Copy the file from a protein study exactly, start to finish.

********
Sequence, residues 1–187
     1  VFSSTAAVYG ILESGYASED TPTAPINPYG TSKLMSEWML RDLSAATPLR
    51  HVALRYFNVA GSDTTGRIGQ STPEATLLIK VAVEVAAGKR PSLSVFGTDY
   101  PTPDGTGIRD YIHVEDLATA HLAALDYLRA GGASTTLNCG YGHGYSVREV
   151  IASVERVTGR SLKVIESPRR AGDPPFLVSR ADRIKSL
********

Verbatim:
Sequence, residues 1–187
     1  VFSSTAAVYG ILESGYASED TPTAPINPYG TSKLMSEWML RDLSAATPLR
    51  HVALRYFNVA GSDTTGRIGQ STPEATLLIK VAVEVAAGKR PSLSVFGTDY
   101  PTPDGTGIRD YIHVEDLATA HLAALDYLRA GGASTTLNCG YGHGYSVREV
   151  IASVERVTGR SLKVIESPRR AGDPPFLVSR ADRIKSL